brittle bursts, the album’s guitar sound essentially finishes the job that Tom
Verlaine and Richard Lloyd set out to accomplish years earlier in Television.


Wynn’s songwriting hits an early peak on Medicine Show, too,
serving up emotional confessions (“Still Holding On To You,”
“Daddy’s Girl”) alongside stream-of-consciousness Beats swagger (the
lengthy, nine-minute “John Coltrane Stereo Blues” – the most
Television-like, dueling-guitars tune on the album – which is so outrageously
brash and horny that you’re tempted to adopt the singer’s titular come-on of “I
got some John Coltrane on the stereo, baby, make it feel all right/ I got some
fine wine in the freezer, mama, I know what you like”
and try it out
yourself on some sweet young thing down at the bar.


The album also delves deeply into the noirish character sketches
that would continue to mark Wynn as a songwriter over the course of his long
career (which has included, not surprisingly, a friendship and collaboration
with hardboiled novelist George Pelecanos). The song “Burn,”
musically a blend of the edgy and the seductive (it suggests a cross between
Patti Smith’s “Because the Night” and Blue Oyster Cult’s “Don’t
Fear the Reaper”), charts the darkness men find hidden within their souls
– “just a few things that can’t be told,” sings Wynn – against a
backdrop of short-story vignettes, one of them involving a guy who burned down
a field one night and then, upon being questioned by the cops about his
motivation, simply replied, “Guess I just don’t know.” Another track,
the piano-fueled, Springsteenesque “Merrittville,” finds the
protagonist having to contend with the sorry fruits of his even sorrier labors,
pursued by thugs and surrounded by shady types who may or may not have his
worst interests at heart. And the bluesy, hypnotically pulsing “The
Medicine Show” is even darker, lined with a bone-chilling, visceral
malevolence so profound it screams to be turned into a David Fincher thriller:


“I got a Page One story buried in my yard

Got a troubled mind

Goin’ down to the medicine show

If I’ve gotta choose between doin’ penance

And doin’ time

Goin’ down to the medicine show…

It’s hard to be a reasonable man

When you stop findin’ reasons for everything

But tonight I’ll get some answers, baby

Aw, at the medicine show.”


Jeezus. Who is this guy? What’s he hiding – who, or what, exactly, does he
have buried? What’s going on down at this medicine show he’s talking about –
drugs? sex? religion? Maybe we don’t need to know.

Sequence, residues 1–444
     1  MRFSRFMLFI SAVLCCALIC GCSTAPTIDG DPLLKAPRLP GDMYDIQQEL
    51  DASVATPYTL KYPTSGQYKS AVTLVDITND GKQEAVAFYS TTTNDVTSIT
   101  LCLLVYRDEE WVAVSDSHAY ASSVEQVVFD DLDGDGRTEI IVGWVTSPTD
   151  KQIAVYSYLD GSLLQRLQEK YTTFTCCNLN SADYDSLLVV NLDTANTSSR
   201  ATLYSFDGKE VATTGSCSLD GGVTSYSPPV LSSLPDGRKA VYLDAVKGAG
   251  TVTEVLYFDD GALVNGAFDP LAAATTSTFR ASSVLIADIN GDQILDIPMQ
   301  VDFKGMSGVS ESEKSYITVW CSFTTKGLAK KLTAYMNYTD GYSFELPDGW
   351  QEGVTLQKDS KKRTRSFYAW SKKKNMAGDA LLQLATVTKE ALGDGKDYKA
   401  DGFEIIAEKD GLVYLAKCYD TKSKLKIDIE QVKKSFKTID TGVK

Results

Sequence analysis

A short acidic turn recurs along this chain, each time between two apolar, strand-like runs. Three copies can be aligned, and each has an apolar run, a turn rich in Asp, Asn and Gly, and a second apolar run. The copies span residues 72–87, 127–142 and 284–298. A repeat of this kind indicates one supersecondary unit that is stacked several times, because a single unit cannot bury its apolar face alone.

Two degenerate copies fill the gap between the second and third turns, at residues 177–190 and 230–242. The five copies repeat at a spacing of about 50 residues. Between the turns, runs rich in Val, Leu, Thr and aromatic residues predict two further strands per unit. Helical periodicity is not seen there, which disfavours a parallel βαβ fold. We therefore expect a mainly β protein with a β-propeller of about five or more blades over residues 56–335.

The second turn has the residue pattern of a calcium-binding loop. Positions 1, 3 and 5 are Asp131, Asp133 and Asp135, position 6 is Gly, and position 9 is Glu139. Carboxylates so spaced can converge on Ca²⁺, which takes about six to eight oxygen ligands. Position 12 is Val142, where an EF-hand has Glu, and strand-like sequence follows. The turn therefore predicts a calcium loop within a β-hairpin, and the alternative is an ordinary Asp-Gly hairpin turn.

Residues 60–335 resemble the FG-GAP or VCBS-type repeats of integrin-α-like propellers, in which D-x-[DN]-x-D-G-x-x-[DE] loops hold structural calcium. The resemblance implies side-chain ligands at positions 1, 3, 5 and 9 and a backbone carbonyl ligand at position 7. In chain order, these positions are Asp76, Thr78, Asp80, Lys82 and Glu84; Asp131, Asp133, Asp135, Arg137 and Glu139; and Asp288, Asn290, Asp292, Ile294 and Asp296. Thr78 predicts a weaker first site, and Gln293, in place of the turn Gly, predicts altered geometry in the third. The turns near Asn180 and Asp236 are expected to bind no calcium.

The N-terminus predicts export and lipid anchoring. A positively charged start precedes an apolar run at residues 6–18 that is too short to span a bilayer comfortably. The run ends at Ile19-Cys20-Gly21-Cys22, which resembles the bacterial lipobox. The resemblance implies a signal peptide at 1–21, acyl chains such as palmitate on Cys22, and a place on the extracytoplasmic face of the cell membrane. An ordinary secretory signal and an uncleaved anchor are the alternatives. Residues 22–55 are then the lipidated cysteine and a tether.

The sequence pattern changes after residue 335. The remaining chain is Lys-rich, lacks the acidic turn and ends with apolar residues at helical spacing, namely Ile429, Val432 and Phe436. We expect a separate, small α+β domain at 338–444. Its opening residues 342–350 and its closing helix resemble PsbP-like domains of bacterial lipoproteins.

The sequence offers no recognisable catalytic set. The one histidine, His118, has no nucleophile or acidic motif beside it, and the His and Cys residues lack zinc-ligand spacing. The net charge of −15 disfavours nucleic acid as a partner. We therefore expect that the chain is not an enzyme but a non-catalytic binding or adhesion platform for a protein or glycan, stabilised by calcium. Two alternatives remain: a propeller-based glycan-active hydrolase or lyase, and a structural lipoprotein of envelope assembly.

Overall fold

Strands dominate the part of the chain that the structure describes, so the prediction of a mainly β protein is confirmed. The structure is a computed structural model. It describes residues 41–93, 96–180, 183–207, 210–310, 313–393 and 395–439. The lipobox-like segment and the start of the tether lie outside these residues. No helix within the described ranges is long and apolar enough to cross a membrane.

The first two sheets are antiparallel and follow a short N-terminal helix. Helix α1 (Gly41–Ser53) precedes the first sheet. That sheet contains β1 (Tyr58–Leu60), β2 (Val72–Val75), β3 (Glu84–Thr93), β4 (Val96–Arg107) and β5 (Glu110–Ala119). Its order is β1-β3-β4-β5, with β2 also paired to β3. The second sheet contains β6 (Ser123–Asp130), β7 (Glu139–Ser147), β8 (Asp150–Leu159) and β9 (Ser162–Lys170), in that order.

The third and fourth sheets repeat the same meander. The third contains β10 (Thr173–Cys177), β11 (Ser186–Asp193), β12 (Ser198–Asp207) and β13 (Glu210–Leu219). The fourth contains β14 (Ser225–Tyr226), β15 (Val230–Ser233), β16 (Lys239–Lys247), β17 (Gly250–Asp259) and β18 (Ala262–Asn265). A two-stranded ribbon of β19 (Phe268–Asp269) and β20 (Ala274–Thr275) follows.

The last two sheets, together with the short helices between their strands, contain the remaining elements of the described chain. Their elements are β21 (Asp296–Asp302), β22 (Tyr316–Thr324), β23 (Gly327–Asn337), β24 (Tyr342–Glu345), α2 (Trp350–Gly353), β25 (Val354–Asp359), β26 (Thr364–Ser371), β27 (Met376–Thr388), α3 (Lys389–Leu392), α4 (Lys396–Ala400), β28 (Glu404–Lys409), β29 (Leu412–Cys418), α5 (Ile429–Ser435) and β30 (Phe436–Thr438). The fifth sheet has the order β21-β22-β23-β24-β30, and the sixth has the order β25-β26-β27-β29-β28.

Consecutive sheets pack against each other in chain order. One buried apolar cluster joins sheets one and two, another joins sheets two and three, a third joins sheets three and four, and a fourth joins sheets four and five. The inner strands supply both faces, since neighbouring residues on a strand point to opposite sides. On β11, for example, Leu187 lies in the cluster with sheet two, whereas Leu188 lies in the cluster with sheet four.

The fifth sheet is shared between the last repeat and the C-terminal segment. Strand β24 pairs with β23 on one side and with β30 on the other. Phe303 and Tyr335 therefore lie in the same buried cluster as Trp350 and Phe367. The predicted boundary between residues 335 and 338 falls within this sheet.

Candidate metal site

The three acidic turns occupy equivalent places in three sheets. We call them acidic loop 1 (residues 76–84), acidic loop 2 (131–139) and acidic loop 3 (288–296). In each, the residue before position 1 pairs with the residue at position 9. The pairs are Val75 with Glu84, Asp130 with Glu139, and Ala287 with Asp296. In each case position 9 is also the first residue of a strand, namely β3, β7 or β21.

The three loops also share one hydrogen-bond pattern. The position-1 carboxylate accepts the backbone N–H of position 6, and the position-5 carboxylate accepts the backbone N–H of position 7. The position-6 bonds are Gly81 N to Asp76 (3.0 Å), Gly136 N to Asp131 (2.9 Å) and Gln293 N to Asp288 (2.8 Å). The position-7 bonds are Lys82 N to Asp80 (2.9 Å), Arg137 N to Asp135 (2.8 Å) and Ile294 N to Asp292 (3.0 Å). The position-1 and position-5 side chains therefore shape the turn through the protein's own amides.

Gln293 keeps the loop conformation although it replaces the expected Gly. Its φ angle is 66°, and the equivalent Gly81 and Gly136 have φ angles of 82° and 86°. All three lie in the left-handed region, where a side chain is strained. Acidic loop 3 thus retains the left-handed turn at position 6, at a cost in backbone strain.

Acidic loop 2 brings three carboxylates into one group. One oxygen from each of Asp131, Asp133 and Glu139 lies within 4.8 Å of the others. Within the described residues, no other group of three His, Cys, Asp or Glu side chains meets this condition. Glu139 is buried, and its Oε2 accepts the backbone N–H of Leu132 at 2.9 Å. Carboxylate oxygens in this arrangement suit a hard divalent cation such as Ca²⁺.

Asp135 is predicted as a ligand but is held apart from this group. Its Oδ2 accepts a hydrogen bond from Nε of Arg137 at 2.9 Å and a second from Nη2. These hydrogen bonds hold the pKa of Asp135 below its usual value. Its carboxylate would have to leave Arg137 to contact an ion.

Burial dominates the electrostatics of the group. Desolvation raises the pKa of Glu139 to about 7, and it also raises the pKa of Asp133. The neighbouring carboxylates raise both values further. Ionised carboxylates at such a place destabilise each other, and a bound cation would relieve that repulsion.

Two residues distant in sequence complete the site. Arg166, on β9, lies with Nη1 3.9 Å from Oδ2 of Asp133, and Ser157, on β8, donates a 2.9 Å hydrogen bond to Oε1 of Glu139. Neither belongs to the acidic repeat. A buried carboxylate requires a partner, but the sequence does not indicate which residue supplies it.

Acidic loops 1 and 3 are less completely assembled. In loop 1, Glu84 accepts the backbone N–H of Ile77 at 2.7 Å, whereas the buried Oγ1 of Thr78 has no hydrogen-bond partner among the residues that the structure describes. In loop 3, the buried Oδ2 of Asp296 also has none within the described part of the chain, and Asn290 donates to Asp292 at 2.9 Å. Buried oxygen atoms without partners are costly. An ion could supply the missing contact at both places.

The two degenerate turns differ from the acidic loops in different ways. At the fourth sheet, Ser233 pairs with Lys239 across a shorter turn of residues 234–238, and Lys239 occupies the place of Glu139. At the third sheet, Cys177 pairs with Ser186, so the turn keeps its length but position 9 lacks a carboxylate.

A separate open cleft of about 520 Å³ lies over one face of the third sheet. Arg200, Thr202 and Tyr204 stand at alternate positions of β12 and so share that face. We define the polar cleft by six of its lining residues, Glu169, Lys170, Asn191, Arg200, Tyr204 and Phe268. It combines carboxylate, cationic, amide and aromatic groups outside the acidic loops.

That song, and the album as a whole, will leave you questioning yourself and
your own motives. It’s like a novel set to music – a white-knuckled page-turner
at that, one which reveals additional layers and nuances, new pretexts and
subtexts, with each successive read (listen).


The Medicine Show reissue arrives courtesy Water Records (part of
Runt Distribution, specializing in key archival releases), and it corrects a
long-standing sin of omission by putting the album back in the bins – A&M
reissued on CD in 1989, but it’s been out of print for ages – and plugging a
glaring hole in the Dream Syndicate’s back catalog. In addition to the 12 page
booklet with Fricke’s notes, it also includes as bonus material the five-song
mini-album This Is Not the New Dream Syndicate Album… Live! that
A&M issued in late ’84 to further stoke the fires for the band, who had
been making modest commercial inroads touring the U.S. (including a stint opening for


Recorded at Chicago’s
Aragon Ballroom on July 7 for a live broadcast over WXRT-FM,  TINTNDSAL! features a proud version of Wine and Roses track “Tell Me When
It’s Over” (it opens with a delightfully faux-pompous piano intro courtesy
Zvoncheck, who had joined the touring lineup), but the focus, for obvious
marketing reasons, is on four key Medicine Show numbers, most notably
the title track and “John Coltrane Stereo Blues.” Both tunes are
heard here en route to earning longterm tenure in Wynn setlists: “The
Medicine Show” is all slash ‘n’ burn, Wynn’s unadorned-by-studio-effects
voice taking on a trembly urgency that underscores the song’s already
established sense of creeping, heart-of-darkness dread. And “JCSB,”
with its heady swirls of organ, searing Wynn-Precoda guitars and relentless
rhythm section throb (Mark Walton had recently replaced Provost as permanent
bassist, and he and Duck are clearly simpatico), firmly establishes itself as a
concert tour-de-force, equal parts hard-psych bop and
Television-styled outré punk. As a live document of the band circa mid
’84, the mini-album is absolutely essential. (The 1989 A&M CD for Medicine
also contained several of the live tracks, but not all of them due to
length restrictions for CDs at that point in time.)


“Medicine Show sounds unlike any of the other [albums],”
writes Wynn, in his addendum to the reissue’s liner notes. “The record is
beautiful, unattainable, right and wrong in all the best ways. Karl wanted to
make a big, panoramic rock record to justify our move to a major label and the
plethora of attention we had received [since] The Days of Wine and Roses.
I wanted to make a ‘beautiful loser,’ button-pushing, over-the-top emotional
catharsis in the tradition of most of my all-time favorite records. We both got
our way.”


That’s for sure. The record IS panoramic, massive, yet it’s also a
soul-purger in the most primal, essential sense. And when Wynn cites as among
his favorite LPs Big Star 3rd, Tonight’s The Night and Plastic
Ono Band
he’s not succumbing to hubris by implicitly ranking Medicine
alongside those, but getting at what a lot of us Dream Syndicate
watchers have always known for more than a quarter-century.


Now it’s time for the rest of you to catch up.


Standout Tracks: “Burn,”
“Medicine Show,” “John Coltrane Stereo Blues (live)” FRED MILLS


Leave a Reply